lua-users home
lua-l archive

[Date Prev][Date Next][Thread Prev][Thread Next] [Date Index] [Thread Index]

Matthew Metnetsky wrote:
How does lua internally know that
the first argument might be the scope of the method (like python's self
argument) or not?

At the byte code level (at run time), it doesn't. It has no clue at all. It is all determined at compile/interpret time.

For the call side, when the source code

  object:method(arg1, arg2)

is compiled into byte codes, it is transformed to be:

  object.method(object, 7, 9)

The compiler sees the ':' in the original and performs the transformation (or behaves in a way that is as if the transformation occurred).

That is, the string 'method' is used as a key to index table (or userdatum) 'object'. The result will be called as a function and the table/userdatum 'object' is passed as the first argument, followed by 7 and 9.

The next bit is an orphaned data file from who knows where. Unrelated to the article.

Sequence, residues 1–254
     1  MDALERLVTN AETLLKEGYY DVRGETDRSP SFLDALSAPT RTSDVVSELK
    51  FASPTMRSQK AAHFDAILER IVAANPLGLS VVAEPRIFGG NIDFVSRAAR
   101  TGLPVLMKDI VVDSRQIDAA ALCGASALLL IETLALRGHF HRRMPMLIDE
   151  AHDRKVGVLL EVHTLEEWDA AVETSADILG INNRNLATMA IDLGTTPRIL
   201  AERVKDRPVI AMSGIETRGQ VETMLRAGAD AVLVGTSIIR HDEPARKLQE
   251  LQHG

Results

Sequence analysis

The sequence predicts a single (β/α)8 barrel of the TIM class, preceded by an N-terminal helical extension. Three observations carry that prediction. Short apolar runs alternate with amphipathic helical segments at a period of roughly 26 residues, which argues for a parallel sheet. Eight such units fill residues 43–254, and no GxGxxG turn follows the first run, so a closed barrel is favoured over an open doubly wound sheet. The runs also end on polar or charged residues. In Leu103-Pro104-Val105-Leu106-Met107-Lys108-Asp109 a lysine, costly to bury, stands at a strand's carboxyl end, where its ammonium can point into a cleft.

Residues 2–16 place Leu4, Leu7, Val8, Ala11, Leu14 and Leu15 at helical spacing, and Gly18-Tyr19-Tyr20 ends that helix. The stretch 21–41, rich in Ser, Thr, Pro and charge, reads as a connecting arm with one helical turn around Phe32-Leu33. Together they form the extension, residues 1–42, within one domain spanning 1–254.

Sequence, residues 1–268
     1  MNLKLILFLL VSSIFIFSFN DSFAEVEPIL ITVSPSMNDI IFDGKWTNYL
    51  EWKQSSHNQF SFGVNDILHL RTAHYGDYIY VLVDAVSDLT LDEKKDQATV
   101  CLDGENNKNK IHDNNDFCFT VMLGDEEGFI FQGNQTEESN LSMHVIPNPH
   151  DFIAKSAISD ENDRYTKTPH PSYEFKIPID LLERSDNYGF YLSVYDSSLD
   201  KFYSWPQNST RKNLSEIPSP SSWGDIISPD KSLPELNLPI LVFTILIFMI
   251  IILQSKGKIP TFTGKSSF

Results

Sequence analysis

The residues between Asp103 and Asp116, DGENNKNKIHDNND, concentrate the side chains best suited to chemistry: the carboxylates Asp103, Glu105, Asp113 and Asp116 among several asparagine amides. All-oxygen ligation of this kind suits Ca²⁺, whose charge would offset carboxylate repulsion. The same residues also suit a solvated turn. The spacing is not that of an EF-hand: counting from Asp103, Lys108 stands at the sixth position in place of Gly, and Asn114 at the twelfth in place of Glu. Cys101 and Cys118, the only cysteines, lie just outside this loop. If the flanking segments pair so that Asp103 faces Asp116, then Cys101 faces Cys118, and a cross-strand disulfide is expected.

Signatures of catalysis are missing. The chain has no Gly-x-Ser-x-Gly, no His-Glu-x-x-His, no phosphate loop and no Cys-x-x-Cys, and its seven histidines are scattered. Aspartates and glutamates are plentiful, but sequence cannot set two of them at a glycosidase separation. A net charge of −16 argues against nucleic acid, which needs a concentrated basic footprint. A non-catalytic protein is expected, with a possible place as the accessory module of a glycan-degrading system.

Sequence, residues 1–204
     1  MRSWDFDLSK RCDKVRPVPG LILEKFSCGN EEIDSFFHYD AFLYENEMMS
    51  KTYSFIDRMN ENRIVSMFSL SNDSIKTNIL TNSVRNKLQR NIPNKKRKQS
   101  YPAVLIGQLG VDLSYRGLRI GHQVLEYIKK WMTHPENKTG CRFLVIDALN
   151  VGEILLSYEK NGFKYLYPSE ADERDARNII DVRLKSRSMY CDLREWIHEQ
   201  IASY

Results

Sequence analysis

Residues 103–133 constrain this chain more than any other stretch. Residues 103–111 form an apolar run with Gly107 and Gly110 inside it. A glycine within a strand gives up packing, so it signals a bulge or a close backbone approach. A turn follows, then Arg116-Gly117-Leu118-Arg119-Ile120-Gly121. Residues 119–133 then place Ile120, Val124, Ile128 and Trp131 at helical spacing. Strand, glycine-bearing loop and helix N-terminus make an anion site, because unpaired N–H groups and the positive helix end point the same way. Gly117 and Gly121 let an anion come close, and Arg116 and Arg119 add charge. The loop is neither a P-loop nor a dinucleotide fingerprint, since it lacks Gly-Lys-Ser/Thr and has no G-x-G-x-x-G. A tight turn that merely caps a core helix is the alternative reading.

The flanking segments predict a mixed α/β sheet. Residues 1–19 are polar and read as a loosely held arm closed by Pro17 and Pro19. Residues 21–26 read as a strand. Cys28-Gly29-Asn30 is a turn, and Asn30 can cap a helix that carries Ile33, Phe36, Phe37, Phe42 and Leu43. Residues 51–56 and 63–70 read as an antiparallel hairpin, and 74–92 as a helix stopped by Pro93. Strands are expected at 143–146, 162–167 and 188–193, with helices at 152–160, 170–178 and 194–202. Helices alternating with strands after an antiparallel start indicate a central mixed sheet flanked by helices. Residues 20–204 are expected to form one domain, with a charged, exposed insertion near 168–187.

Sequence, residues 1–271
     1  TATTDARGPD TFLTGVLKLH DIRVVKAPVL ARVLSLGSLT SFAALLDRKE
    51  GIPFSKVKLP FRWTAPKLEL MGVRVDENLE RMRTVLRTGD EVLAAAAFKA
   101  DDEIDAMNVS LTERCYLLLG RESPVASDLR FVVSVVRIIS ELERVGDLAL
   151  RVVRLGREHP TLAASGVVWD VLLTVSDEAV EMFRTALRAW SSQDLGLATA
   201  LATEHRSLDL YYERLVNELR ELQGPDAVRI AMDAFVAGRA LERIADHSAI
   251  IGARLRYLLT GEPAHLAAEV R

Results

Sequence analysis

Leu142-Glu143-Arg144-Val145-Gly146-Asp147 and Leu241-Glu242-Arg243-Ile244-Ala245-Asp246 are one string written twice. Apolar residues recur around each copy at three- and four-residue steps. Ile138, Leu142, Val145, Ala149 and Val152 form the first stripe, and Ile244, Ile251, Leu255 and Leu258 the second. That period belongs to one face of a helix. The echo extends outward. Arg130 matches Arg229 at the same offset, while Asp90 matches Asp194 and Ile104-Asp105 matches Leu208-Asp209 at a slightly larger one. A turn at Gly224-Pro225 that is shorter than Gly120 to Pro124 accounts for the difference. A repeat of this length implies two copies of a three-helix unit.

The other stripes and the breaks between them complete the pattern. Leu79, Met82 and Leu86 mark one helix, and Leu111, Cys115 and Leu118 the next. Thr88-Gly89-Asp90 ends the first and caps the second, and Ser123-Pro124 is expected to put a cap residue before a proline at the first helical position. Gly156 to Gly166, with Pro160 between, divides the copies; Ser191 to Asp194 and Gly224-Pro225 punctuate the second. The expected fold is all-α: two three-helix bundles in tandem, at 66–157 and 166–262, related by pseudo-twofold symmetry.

When the method definition is compiled:

  function object:method(arg1, arg2)
     self.count = self.count + 1
     self.value = arg1 + arg2
     return self

the compiler knows, because of the ':' and because it is in a function definition, that a parameter whose name is self must be inserted before the parameters arg1 and arg2. So any references to self inside the definition are to this automatically created first parameter.

Note that if you were to use '.' instead of ':' in the method definition - by mistake, say - then any references to self would be to a global variable (or possibly a local in an outer scope) and not to the expected hidden first parameter.

As described in the manual, this is simply syntactic sugar to make a system that is not inherently object-oriented look like it is.